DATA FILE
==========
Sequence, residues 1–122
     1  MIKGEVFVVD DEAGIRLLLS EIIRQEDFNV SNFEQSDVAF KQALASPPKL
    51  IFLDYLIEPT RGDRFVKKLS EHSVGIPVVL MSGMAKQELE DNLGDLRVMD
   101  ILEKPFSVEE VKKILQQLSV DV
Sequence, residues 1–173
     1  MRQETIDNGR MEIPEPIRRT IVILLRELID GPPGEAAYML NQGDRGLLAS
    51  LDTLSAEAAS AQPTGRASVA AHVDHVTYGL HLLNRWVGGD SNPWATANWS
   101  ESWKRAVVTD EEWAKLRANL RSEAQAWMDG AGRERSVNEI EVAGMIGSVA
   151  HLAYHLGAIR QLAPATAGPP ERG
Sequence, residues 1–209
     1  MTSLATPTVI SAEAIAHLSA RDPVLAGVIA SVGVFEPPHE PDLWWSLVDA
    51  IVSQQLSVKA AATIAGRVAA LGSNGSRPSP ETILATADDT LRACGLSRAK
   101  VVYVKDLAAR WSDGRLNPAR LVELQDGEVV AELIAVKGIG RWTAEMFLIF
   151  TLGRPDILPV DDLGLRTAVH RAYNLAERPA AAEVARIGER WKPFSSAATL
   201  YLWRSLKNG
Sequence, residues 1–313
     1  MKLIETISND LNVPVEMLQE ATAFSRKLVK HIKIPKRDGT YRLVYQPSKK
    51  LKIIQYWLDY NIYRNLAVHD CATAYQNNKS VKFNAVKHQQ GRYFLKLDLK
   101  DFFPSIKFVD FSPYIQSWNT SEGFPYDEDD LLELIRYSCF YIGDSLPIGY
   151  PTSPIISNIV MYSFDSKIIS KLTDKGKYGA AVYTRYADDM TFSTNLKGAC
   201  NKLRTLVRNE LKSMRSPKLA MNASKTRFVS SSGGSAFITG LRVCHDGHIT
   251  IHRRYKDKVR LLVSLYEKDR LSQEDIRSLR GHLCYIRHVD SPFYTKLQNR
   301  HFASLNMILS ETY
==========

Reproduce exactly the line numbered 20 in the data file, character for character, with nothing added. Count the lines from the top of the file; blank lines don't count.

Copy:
   151  PTSPIISNIV MYSFDSKIIS KLTDKGKYGA AVYTRYADDM TFSTNLKGAC